But there was a pronounced thread to all of these comments, wherein Nicks encouraged people to go after their dreams and be persistent despite loneliness, heartbreak or discouraging comments. That sentiment resonated just as much as the self-proclaimed “gothic trunk of forgotten rock ‘n’ roll songs” Nicks proclaimed she was playing.
Vanessa Carlton opened the night with a 30-minute solo piano set that resonated deeply despite a dull roar of chatter from the crowd. After opening with her hit “A Thousand Miles,” she stuck mainly to recent-vintage solo. The arena stage and atmosphere suited the soaring delicacy of songs such as “Carousel,” the classical-inspired “Willows,” and the weighty “Blue Pool” and didn’t obscure Carlton’s attention to detail on “The Marching Line,” a song for which she recorded vocal loops.
Like Nicks, Carlton was also conversational. She explained the significance of the painting under which she was performing—it’s meant to honor her grandfather and the role he had in her creative process—and spoke casually with the crowd. “This is my last show with Stevie, so I’m having a glass of wine,” she said, before adding that she actually has wine every night, but that it was a “mom’s night out” for her, a comment which drew massive cheers.
She drew similar applause after giving props to her husband, Deer Tick’s John McCauley, for watching their baby so she could do this mini-tour. Cue “I Don’t Want To Be a Bride,” which seemed to feature looped harmonies from Nicks piped into the mix.
Annie Zaleski / Cleveland Scene Weekly / Saturday, September 16, 2017
Nicks’ performance was as good as gold
Stevie Nicks recently said she doubts Fleetwood Mac will ever make another album.
“Why spend all that time and effort on an album that will never sell?,” was how she put it.
Nicks is no doubt right, and therefore she is content to just tour — which gives her a second chance to delve into her sizable body of solo work.
This includes her most recent album, “24 Karat Gold,” which was released in 2014 but was largely overlooked. The album is a collection of songs she wrote mainly in the ’70s and ’80s but had never recorded because she was dissatisfied with them or the timing wasn’t right in her career.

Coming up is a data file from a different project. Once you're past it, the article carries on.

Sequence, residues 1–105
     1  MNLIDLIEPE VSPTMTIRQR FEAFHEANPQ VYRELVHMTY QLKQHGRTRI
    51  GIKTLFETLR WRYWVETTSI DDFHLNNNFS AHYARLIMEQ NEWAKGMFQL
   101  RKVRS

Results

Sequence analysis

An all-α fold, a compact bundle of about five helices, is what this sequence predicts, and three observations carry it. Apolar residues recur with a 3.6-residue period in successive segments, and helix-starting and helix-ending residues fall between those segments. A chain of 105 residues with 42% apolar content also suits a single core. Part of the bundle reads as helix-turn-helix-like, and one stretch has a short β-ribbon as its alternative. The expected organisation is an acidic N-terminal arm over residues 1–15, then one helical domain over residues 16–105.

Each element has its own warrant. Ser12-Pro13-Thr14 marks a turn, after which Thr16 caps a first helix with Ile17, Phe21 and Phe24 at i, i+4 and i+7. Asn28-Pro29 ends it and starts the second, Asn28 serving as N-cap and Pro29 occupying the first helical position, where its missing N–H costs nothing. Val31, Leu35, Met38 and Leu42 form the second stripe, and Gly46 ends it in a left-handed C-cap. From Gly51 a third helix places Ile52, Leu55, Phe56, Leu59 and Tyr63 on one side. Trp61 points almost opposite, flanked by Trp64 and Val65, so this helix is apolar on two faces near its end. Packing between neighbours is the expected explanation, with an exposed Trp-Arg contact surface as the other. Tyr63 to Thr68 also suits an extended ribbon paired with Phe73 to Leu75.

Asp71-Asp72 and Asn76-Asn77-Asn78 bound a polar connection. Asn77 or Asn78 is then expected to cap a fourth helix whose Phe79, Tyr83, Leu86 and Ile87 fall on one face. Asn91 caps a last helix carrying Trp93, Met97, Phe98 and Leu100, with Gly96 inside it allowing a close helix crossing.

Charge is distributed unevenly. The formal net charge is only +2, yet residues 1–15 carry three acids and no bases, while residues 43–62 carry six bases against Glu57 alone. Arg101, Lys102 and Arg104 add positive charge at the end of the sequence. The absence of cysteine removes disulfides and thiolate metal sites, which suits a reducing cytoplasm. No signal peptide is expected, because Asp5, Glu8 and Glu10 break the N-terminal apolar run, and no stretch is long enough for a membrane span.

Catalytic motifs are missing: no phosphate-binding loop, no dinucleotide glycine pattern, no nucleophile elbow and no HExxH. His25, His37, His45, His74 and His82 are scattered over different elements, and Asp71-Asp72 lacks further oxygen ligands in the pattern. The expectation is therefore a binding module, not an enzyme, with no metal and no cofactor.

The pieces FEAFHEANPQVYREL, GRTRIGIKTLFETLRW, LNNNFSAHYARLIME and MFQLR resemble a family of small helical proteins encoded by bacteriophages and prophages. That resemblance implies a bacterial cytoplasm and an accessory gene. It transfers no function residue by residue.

But a collection of songs Nicks deemed unworthy when she wrote them can still turn out to be one of the year’s best albums.
At her concert at Covelli Centre Friday night, the rock queen cherrypicked songs from “24 Karat Gold” and her other solo albums, including “The Wild Heart” and “Bella Donna,” as well as a few Fleetwood Mac classics that she had long ago put her signature on.
As she has done throughout her current tour, which began almost a year ago, Nicks also told the background stories behind many of the songs.
It was fascinating behind-the-scenes history for devoted fans, even if it tested the patience of the casual ones.
For example, “Stop Dragging My Heart Around,” her 1981 duet with Tom Petty, was an emergency measure to boost sales of “Bella Donna,” which didn’t produce a radio single. Nicks also credited her follow-up album, “The Wild Heart,” with cementing her standing as a solo artist who could stand apart from the Fleetwood Mac umbrella.
Tom Petty’s name actually came up a few times during the show, which reminded me that — now that I had seen Nicks — he is one of the few greats remaining on my concert bucket list.
As for Nicks’ performance, it was as good as gold. At age 69, she looked great and her otherworldly mid-range voice was never in doubt. At one point, she lamented the lonely life of being a girl in a touring rock band, but it’s clear she still loves the life as much as ever.
Nicks was mystical and mysterious in performance, and charming and talkative between songs.
After opening with “Gold and Braid,” which rocks like an old Michael Stanley Band song, she went deep for songs from her long career in a set that went well over two hours.
Ever the gypsy, Nicks wrapped herself in a chilling white fur for “Moonlight (A Vampire’s Dream),” which she wrote about the “Twilight” movie saga. The song was spellbinding from the opening piano segment.
The gurgling synthesizer intro to “Stand Back” brought the ’80s rushing back. Afterward, Nicks recounted in detail the now well-known story of how the late Prince helped her perfect the tune, which she wrote as an answer to his “Little Red Corvette.” Prince’s influence is still unmistakable on it.
Nicks gave “Gold Dust Woman” the psychedelic treatment, electrifying the big-screen backdrop with her effects-enhanced gyrations.
“Edge of Seventeen” was announced by a fierce guitar intro by Waddy Wachtel, who reeled off scorching solos all night.
For her encore, Nicks fittingly went back to her Fleetwood Mac days, ending a golden night with the massive hits “Rhiannon” and “Landslide.”
Guy D’Astolfo / The Vindicator / Saturday, September 16, 2017